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Jolly Survey: Palau, Cannabis Capital of the World!

07/07/2012
New Capitol in Melekeok, the capital of Palau.

New Capitol in Melekeok, the capital of Palau. (Photo credit: Wikipedia)

A small group of Pacific islands with the population of a small town has been named as the country with the highest consumption of beer and cannabis. Is that really true?

The United Nations’ 2012 World Drugs Report, published in June, contains at least one surprising number – the nation with the highest level of cannabis use among adults is Palau.

This tiny island nation in the western Pacific Ocean is home to just 21,000 people, where – according to the UN – a quarter of adults use cannabis.

Not only are Palauans ahead of everyone else on this measure, they’re ahead by a long way. The country with the next highest rate of cannabis use is Italy, where – the report says – some 15% of adults use the drug.

According to the WHO’s global status report on alcohol and health, Palauans drink more beer per capita than any other nation in the world.

Beer 	  	 	Cannabis 
Palau		8.68	Palau		24.2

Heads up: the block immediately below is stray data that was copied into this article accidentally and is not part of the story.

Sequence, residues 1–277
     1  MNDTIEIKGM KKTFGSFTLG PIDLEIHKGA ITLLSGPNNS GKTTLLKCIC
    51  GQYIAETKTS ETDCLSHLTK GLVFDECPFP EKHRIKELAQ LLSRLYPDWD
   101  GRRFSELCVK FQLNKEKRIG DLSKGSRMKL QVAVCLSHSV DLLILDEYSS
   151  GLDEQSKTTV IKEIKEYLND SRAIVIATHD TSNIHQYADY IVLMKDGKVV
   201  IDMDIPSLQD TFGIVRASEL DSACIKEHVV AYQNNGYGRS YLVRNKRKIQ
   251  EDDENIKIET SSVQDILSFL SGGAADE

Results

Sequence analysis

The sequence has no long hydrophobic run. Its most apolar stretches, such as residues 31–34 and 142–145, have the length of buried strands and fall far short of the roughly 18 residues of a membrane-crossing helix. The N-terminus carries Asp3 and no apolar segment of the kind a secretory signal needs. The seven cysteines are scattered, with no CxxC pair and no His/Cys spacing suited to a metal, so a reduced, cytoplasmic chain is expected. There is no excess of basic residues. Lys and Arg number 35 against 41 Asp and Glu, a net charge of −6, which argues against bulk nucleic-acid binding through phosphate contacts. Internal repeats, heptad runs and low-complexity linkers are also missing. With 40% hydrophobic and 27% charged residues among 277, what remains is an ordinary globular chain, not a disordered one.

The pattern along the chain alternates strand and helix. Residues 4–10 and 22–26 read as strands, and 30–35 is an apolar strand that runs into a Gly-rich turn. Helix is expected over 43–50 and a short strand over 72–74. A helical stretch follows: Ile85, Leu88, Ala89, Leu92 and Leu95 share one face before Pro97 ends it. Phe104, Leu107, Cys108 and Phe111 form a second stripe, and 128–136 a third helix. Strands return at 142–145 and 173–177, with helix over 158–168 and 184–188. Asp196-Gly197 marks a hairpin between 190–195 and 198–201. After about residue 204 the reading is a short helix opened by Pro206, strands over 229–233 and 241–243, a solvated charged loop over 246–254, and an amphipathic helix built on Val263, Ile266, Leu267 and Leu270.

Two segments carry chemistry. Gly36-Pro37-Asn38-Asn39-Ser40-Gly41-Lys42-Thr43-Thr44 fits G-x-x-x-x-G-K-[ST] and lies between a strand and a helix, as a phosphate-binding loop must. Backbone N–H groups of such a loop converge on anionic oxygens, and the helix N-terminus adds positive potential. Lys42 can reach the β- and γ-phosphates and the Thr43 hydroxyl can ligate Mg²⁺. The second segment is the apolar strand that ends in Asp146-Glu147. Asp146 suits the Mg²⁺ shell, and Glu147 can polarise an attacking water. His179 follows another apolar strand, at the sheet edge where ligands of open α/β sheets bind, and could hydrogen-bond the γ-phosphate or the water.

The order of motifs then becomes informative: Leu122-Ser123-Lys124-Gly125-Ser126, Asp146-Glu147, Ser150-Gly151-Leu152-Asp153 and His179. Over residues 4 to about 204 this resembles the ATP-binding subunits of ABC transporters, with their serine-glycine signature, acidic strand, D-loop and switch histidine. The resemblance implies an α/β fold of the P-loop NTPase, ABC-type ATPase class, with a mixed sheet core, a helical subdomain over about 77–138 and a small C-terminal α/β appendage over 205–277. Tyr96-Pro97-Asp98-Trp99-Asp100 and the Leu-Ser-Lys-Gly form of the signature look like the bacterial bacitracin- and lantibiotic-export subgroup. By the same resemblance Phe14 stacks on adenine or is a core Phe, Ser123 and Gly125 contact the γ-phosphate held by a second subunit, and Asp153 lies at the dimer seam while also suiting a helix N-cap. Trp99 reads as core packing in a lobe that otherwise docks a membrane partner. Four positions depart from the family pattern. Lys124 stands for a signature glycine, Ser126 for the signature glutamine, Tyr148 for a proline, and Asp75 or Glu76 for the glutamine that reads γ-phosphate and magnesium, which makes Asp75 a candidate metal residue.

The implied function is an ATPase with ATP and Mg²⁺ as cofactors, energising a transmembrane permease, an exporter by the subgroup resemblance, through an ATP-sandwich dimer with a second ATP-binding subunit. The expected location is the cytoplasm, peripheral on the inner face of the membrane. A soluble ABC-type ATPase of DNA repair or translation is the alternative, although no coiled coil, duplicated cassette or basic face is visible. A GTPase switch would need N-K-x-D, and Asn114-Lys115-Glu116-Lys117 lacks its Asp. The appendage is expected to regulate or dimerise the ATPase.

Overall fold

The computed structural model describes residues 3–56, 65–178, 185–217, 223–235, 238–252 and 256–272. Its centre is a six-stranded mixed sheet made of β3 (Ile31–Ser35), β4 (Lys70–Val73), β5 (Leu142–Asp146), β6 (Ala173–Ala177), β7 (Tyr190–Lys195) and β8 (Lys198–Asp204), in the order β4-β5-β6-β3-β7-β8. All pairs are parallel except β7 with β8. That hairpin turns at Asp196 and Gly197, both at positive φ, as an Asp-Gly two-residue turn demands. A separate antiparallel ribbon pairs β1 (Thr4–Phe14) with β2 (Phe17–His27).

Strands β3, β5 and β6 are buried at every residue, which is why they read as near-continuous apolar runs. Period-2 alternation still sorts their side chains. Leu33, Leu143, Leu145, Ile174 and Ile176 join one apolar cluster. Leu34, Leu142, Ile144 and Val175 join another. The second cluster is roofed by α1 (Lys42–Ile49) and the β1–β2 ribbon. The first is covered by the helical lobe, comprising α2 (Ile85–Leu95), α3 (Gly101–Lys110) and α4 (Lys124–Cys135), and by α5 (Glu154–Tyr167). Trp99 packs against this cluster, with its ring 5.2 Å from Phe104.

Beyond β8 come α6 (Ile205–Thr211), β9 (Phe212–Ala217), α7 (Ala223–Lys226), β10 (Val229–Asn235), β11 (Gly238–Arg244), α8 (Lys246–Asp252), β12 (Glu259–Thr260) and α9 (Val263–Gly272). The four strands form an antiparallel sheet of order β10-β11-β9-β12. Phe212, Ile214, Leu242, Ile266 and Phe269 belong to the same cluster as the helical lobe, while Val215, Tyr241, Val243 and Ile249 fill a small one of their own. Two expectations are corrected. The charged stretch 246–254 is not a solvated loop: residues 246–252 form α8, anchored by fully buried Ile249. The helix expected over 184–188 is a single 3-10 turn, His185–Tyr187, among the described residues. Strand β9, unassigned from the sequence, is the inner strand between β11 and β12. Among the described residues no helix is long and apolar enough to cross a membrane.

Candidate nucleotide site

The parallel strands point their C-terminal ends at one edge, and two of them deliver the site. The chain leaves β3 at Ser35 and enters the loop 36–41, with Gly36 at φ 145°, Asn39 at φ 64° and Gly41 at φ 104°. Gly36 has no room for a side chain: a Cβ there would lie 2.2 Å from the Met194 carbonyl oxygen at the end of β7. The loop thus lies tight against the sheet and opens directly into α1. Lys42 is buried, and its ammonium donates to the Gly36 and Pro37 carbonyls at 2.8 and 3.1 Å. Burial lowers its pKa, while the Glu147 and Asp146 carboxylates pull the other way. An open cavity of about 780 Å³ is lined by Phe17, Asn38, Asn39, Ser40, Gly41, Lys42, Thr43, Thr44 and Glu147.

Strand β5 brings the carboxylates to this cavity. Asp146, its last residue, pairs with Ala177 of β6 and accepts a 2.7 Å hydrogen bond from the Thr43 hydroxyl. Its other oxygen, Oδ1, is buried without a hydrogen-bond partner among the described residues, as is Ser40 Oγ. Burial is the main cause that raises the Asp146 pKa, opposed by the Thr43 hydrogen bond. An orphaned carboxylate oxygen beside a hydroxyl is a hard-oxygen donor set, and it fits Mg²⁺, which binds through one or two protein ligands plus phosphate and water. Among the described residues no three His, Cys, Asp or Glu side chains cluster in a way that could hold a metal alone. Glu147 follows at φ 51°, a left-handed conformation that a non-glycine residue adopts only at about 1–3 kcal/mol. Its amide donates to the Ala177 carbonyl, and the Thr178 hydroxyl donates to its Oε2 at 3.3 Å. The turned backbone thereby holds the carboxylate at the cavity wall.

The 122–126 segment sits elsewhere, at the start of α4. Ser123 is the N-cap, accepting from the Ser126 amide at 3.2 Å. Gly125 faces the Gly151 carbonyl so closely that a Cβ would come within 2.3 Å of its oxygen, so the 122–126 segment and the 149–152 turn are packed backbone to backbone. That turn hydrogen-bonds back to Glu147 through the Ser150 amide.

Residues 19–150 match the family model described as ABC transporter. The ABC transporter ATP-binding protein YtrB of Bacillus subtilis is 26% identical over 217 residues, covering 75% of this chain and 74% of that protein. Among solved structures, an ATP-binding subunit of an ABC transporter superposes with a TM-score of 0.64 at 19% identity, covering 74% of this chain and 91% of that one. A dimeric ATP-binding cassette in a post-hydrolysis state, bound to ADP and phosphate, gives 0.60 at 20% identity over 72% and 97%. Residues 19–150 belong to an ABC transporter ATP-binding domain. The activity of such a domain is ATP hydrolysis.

Czech Republic	8.51	Italy		14.6
Seychelles	7.15	New Zealand	14.6
Irish Republic	7.04	Nigeria		14.3
Lithuania	5.60	USA		14.1

The WHO report was published in 2011 but it compared data from 2005.

But while Palauans seem to drink a lot of beer, they don’t drink much of anything else.

If one looks at the total amount of alcohol consumed – rather than just beer – Palau slips down to 42nd place out of 188. On that measure, the Czech Republic has the dubious honour of occupying the top spot.

The UN’s 2012 figures on cannabis use in Palau are more problematic than the WHO’s data on beer drinking.

The report’s authors could not obtain survey data for adults in Palau. So they used a survey of cannabis use among state high school pupils and extrapolated those results to estimate a figure for the whole adult population.

There is one state high school in Palau, with a student population of 742. The surveyors found that about 60% of the 565 respondents in that school had used cannabis at least once and almost 40% said they had used cannabis in the last month.

Not so much a high school, then, as a really high school. For comparison, a similar survey of schoolchildren carried out in the US found 23% of students say they used cannabis in the last month.

Emery Wenty, a director for the Ministry of Education in Palau, simply does not believe the UN’s figures.

“Palau is a very small island. If cannabis use is as prevalent as the UN claims,” he says, “you would see it and smell it everywhere. You don’t.

“You sort of know just about everybody. It’s inconceivable that a quarter of the population uses cannabis.”

Angela Me, a UN statistician who works on the World Drugs Report, accepts some of Mr Wenty’s criticisms.

There is a particular problem, she says, with collecting data from very small populations, because a small number of people changing their behaviour can create large swings in the statistics.
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